While some old school fans seem to prefer seeing brush strokes and noodly, hand-done inks, I have to say that working in PhotoShop enables me to achieve the polished look of a lavishly colored anime cartoon, airbrush fx and all. Thanks to Richard, who keeps my computer equipment constantly upgraded, I no longer have to struggle to approximate this look by means of brush and paint.
With a science fictional project like Masque, the more I do digitally, the more I learn what far-out special effects are available to me. That’s a real plus.
ST: Is music an influence when you work? What do you listen to, if anything?
W: A huge influence, always. Whatever comic project I’m working on is like a movie running inside my head – and that includes an appropriate score. Pieces like Tubular Bells and the score for The Dark Crystal were wonderful inspirations in Elfquest’s early days.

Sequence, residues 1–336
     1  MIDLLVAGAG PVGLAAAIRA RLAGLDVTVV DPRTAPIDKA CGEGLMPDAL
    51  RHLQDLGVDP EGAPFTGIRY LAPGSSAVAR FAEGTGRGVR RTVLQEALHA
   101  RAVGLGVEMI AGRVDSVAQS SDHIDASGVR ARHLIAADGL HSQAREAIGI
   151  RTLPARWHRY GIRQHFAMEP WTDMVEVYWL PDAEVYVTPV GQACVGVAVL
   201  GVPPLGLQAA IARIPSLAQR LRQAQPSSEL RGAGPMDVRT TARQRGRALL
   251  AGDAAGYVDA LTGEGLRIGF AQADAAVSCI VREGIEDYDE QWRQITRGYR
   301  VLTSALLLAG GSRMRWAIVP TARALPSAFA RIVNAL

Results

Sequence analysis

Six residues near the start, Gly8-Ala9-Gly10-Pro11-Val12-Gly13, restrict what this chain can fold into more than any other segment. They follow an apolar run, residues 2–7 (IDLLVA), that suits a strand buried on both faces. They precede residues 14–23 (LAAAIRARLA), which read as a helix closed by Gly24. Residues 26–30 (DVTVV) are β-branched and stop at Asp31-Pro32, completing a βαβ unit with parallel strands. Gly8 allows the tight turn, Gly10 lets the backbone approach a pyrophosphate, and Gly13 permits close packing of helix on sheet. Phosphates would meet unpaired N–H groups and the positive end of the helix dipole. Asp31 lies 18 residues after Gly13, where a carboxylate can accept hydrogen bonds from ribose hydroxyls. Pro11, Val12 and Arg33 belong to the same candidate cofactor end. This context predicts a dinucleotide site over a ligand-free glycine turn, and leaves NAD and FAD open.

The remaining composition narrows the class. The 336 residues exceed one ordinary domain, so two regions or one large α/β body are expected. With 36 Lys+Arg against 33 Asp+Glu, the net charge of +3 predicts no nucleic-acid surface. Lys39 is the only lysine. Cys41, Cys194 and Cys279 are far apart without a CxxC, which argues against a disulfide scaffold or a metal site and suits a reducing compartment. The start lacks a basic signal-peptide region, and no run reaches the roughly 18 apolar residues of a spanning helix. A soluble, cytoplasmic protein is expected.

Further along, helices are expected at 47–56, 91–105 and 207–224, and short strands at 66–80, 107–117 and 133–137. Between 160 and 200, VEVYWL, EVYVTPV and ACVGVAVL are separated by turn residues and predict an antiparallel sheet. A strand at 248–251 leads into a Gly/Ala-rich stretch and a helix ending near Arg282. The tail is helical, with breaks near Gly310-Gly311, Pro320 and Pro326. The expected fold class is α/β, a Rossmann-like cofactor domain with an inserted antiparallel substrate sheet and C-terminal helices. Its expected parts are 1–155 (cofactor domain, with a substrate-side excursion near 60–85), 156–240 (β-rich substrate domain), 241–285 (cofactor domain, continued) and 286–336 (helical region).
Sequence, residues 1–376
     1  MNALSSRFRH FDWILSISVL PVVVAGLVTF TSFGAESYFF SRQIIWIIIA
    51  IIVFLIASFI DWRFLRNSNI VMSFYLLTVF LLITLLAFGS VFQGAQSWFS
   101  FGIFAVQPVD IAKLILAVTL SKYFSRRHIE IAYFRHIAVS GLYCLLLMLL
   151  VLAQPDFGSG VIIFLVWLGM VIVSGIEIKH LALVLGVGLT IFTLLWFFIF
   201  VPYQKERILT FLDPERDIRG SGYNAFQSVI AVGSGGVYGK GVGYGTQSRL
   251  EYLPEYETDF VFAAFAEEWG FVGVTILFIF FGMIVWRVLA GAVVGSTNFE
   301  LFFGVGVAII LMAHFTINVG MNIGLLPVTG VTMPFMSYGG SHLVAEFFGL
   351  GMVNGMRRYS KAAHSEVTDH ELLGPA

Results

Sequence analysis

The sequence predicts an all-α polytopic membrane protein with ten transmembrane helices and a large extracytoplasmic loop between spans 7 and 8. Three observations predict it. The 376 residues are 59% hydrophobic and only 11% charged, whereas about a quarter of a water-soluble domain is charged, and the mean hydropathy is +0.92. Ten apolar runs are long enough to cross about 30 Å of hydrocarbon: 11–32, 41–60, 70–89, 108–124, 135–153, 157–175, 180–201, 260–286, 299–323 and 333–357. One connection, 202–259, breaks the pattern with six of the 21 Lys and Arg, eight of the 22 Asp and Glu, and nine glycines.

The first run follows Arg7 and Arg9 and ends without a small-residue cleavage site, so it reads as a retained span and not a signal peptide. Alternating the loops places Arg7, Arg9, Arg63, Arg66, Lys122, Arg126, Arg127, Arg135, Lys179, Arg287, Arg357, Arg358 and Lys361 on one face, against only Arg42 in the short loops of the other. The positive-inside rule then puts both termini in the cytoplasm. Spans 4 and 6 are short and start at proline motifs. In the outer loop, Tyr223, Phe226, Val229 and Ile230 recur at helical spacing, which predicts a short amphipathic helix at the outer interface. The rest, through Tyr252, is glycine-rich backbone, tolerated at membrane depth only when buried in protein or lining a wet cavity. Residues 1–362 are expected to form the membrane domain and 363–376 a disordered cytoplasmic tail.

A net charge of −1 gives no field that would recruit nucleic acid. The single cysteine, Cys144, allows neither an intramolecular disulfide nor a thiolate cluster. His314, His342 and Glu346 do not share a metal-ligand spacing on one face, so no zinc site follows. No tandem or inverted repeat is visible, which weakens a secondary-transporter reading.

Lately, to get me in a brooding mood for Masque, I listen to the Broadway musical thrillers Jekyll and Hyde or Sweeny Todd. Bernard Herman’s score for Vertigo and Jerry Goldsmith’s Basic Instinct really go to dark, sexy places, too. I also love to listen to old time horror radio on Live 365.
ST: (Lastly), if you were a reader trying to get a friend to read Masque by comparing it to something familiar to them, what would you compare it to?
W: Well, what I’m aiming for is a sustained mood of deep, dark romance and creepiness. I’m going for a look of seductive, sensual beauty in a futuristic sci fi/ horror atmosphere. For me, the gold standard of all that is the supremely gorgeous anime Vampire Hunter D: Bloodlust. Realizing, humbly, that I’m a one-woman act, that’s the standard I aspire to.
Vampire Hunter D: Bloodlust is a free adaptation of the old, romantic chestnut Mayerling, so that’s another element in common. My dream is to have people view the Masque web comic and wonder, “has this already been released as an anime? How did I miss it?”